What Pistol Should I Bring to Class?

It’s a question we’re asked on occasion, and frankly Ron and I wish more people brought this up with us—because it’s important to show up to class with the right training pistol.

As I mentioned in my post about training equipment, many students want to bring to class what they carry on a daily basis, be it an IWB holster or a very small carry pistol. For some advanced concealed carry classes where students are experienced and have many hours of previous training, that may work. But for our Defensive Pistol classes it does not. As far as pistol choice goes, bigger is better for training–and something that fires centerfire cartridges only. (If you’re taking a Pistol Skill Builder class, the same bigger is better principle applies–except we prefer to see students show up to this class with rimfire handguns, as the lower recoil makes it easier to learn fundamentals.)

Our reasoning is simple: It’s easier to learn new skills while using a larger firearm than a smaller one.

First off, the control surfaces (magazine release, slide lock lever, safety, etc.) on a full-size training pistol tend to be larger and spaced farther apart, so they’re easier to get to and manipulate, especially while moving or under stress. And you will be under some stress in class, as you’ll be doing things with a firearm that you’ve probably never done before.

Second, if you’re learning to draw and reholster (or just aren’t used to practicing those skills regularly), a full-size gun is almost always going to make those motions easier. The longer gripping surface on the gun is going to facilitate a positive grip in the holster, leading to a more efficient draw. And a longer barrel will help with getting back in the holster smoothly and safely.

Third, the magazines for these guns are bigger (makes sense, right?)—making them easier to grab a hold of in pouches and for inserting into the firearm’s magazine well for rapid, smooth reloads.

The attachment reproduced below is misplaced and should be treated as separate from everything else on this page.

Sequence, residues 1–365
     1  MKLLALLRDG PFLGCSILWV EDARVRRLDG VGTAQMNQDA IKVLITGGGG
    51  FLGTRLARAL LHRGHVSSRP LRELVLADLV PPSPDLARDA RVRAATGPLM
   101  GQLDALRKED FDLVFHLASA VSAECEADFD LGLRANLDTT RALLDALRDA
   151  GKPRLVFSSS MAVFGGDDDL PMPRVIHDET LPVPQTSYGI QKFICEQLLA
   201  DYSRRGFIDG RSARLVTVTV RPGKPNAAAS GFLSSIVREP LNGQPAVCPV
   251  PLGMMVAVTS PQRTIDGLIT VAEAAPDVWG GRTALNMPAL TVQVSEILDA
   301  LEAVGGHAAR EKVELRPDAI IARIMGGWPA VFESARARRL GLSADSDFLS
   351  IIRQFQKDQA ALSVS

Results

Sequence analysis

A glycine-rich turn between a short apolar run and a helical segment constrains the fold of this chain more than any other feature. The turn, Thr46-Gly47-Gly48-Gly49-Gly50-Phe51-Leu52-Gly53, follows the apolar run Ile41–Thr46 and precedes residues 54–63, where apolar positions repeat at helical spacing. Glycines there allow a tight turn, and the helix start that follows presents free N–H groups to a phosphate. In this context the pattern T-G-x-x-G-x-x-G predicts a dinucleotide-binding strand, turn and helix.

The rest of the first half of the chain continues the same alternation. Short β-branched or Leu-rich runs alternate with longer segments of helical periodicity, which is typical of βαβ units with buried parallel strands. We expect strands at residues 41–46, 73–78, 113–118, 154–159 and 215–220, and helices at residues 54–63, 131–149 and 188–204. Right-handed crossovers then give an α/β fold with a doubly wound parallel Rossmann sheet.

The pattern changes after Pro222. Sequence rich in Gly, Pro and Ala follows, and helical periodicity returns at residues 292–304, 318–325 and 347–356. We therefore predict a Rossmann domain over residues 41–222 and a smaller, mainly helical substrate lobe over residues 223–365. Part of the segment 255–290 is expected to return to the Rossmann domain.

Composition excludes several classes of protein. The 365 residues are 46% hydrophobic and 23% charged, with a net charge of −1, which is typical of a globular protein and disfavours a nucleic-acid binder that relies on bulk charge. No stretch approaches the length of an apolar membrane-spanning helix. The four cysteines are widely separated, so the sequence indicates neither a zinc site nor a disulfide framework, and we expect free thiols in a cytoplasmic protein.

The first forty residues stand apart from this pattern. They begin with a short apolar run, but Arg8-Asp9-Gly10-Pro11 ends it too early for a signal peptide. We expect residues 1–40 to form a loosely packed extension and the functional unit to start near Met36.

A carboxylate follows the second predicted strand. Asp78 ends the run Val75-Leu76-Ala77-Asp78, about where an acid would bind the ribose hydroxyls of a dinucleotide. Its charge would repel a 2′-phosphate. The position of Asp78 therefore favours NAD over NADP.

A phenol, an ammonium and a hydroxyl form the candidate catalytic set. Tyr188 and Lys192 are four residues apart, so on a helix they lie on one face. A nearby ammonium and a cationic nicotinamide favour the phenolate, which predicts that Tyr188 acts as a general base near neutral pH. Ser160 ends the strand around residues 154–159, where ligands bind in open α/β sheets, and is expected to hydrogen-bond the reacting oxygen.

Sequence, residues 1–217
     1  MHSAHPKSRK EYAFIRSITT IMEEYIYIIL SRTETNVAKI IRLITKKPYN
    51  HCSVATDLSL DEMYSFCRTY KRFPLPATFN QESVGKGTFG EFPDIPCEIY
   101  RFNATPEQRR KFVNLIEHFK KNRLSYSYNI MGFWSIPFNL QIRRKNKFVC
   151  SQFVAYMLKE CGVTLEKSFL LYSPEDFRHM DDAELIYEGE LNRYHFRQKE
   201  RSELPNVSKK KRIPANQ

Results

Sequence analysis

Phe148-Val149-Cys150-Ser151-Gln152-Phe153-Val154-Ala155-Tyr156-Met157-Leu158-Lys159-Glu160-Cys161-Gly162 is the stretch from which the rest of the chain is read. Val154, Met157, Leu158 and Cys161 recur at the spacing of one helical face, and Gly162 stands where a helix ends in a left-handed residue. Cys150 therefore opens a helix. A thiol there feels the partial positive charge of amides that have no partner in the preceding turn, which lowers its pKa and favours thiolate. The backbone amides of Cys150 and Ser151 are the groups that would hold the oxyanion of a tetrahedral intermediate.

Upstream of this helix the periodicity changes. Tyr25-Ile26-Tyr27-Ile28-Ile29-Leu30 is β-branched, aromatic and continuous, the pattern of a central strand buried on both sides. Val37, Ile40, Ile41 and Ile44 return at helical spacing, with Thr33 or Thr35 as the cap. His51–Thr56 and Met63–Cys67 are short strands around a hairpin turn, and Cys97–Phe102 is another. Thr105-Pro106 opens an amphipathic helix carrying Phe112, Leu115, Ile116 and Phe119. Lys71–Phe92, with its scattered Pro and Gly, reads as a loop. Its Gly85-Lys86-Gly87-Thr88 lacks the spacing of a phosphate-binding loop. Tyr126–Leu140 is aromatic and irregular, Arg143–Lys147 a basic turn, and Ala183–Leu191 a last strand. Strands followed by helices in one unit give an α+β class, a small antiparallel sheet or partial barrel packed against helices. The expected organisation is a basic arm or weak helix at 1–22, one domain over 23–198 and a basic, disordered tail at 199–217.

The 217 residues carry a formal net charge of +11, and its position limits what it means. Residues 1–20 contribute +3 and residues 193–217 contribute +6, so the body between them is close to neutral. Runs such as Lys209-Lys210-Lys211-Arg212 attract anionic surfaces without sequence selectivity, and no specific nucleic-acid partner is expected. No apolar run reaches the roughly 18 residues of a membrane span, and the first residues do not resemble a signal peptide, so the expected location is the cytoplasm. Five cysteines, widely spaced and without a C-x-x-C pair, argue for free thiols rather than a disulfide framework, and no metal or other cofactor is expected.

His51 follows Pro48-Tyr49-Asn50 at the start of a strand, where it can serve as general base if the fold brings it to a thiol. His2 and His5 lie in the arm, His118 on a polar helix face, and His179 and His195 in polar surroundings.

And finally, a larger-framed training pistol will do a much better job of absorbing recoil than a sub-compact or compact gun—that’s just physics. An 8-hour class dealing with the heavy recoil and tiny sights of a small gun is not fun. With the bigger gun, you’ll have a longer sight radius for accuracy and added mass to mitigate recoil, which will help you shoot better longer.

Small concealable pistols are great (I own more than a few); they certainly have their place and are some of the most popular guns on the market. But they’re compromise guns: You’re sacrificing the light recoil impulse, long sight radius, ergonomics, uncluttered controls, and capacity of a full-size gun for something that can be easily concealed.

So if your choice is between bringing your SIG P365 or the P320 to class—go with the P320. Or if you own a Glock 26 and a 17—then come to class with the 17. The skills you learn on the larger pistol can be easily transferred to the smaller carry gun with practice. Train with a gun and gear that will facilitate learning, not those that you’ll be struggling with throughout the day.
-Brian Bertoldo, Instructor, Paladin Group Training, LLC